Zoo creates specialized ‘retirement homes’ for its senior animals

Everyone who is blessed enough to live into old age wants a nice safe home to spend their golden years in, one well-suited for senior citizens.

And the same goes for animals — old animals require a little extra love and care, and they deserve a special space just for them.

That’s why one zoo is dedicated to setting up “retirement homes” for its oldest residents, ensuring they get the best possible quality of life in their old age.

According to a press release, the Brevard Zoo, in Florida, sets up these retirement homes for their geriatric animals, defined as animals who have reached 80% of their expected lifespan.

Though every species in the zoo has a custom habitat with their needs in mind, these older animals are set up with special areas with special adjustments to their habitats, where they can receive extra attention like routine assessments, medication and specialized diets.

In their press release, the zoo highlighted three senior animals —Flounder the flying fox, Josie the tapir and lemurs Matilda and Kamots.

Founder is the zoo’s only flying fox and the 29-year-old bat has “far exceeded” her species’ life expectancy.


“Due to her advanced age and nocturnal disposition, Flounder lives in a behind-the-scenes area of the Zoo,” the Brevard Zoo wrote. “Her habitat is equipped with many special enrichment items like climbing structures to encourage her to be active, stuffed animals to keep her cozy, hideouts to give her options and a night house for daytime naps.”

They said that they put in a climbing structure so Flounder can easily explore whenever she wants, and she’s happy to use it.

“We have seen video footage of her flying all around her habitat, exploring all of her enrichments,” said Animal Keeper Mallory Bourne.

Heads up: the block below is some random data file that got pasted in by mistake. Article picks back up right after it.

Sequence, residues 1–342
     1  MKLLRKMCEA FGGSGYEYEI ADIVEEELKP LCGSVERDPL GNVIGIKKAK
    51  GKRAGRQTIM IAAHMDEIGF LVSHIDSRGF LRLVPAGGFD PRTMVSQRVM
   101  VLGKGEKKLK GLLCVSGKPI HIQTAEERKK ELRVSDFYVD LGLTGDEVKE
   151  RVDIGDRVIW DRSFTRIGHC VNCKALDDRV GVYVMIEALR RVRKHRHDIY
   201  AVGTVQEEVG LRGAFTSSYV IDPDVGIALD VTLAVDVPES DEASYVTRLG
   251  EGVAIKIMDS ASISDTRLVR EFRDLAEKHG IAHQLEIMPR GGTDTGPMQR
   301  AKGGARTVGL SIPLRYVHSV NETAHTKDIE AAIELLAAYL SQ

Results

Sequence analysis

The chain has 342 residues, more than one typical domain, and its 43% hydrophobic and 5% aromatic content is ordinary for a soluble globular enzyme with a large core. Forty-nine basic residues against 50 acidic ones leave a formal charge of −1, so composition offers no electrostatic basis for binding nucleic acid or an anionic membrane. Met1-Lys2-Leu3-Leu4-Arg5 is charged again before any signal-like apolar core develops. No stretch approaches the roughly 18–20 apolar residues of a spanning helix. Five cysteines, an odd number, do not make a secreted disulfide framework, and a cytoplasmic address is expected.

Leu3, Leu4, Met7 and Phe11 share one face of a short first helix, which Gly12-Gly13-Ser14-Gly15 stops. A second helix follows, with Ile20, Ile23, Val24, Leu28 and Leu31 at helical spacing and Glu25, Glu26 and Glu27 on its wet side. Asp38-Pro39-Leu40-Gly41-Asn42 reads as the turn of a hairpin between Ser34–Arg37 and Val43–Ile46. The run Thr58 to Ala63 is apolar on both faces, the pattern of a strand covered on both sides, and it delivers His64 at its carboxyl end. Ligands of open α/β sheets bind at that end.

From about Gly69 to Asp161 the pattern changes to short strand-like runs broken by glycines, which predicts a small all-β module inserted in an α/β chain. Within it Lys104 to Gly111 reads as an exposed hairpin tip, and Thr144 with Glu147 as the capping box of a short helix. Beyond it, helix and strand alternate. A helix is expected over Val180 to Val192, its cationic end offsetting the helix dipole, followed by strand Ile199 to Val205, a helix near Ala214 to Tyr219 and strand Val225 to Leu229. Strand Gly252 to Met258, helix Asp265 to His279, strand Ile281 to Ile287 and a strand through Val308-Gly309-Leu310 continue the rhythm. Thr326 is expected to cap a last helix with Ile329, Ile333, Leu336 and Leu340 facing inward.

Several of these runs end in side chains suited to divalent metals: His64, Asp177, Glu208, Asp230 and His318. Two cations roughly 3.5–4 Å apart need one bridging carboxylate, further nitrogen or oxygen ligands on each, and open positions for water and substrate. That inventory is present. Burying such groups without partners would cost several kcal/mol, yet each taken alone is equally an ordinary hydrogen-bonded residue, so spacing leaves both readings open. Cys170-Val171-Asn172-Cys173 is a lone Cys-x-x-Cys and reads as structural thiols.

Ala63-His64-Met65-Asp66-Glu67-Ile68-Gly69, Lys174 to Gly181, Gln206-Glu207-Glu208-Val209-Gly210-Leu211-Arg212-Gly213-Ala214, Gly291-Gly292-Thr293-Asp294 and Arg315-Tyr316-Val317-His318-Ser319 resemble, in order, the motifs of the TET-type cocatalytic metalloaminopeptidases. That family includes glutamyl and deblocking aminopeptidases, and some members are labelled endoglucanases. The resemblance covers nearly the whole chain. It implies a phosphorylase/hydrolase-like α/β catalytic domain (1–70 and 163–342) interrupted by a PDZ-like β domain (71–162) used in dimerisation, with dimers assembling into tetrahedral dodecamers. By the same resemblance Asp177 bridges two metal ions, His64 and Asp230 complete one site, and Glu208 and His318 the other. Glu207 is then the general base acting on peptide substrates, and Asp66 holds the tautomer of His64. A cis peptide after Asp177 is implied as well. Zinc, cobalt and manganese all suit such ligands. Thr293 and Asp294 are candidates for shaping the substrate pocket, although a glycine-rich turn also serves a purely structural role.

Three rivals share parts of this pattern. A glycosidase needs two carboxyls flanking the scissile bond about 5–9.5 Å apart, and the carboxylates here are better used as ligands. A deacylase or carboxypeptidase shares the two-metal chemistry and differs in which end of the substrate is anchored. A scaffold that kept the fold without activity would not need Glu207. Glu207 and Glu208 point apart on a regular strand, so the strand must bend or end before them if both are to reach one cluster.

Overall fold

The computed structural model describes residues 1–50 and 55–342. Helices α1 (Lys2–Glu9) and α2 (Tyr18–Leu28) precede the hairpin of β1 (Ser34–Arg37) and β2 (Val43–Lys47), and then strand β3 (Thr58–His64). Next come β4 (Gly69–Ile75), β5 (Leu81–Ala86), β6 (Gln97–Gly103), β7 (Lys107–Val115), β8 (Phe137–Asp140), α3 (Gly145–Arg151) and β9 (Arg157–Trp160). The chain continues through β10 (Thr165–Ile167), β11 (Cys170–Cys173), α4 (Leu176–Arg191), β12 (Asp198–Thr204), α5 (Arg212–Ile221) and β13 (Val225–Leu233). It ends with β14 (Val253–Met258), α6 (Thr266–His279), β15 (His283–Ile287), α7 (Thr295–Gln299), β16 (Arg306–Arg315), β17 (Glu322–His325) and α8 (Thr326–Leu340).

Josie, a 28-year-old Baird’s tapir, lives in the zoo’s “Wild Florida” section,” even though the species is not native to the state. The zoo just thought it would be “perfect for an older Baird’s tapir.”


“She has access to many different areas, lots of water for swimming and opportunities to socialize with the area’s other residents if she so desires,” the zoo wrote, noting she can travel to and from the “Rainforest Revealed” section to visit the other Baird’s tapirs.

And a pair of lemurs — 28-year-old male Kamots and 15-year-old Matilda — have their own island dubbed “Little Madagascar” separate from the lemur habitat, which is specially adapted to suit the older lemurs, with lower vines and night houses. The two lemurs are not mates, but are inseparable best friends.


According to the press release, these are just three examples of the animals who have “retirement homes” at the zoo. Others include Pepper the cheetah, Pete and Sapphire the siamangs and Makina and Fancy the Visayan warty pigs.

The extra attention to these senior animals is part of their “lifelong commitment” to care for animals, “no matter the species.”

“Here at the Zoo, we strive to provide the best possible care for the entirety of all our animals’ lives, including those who have surpassed their median life expectancies,” they wrote.

It’s so nice that these animals get their own retirement homes, specially tailored to their needs in old age. Thank you to this zoo for looking out for these senior animals!

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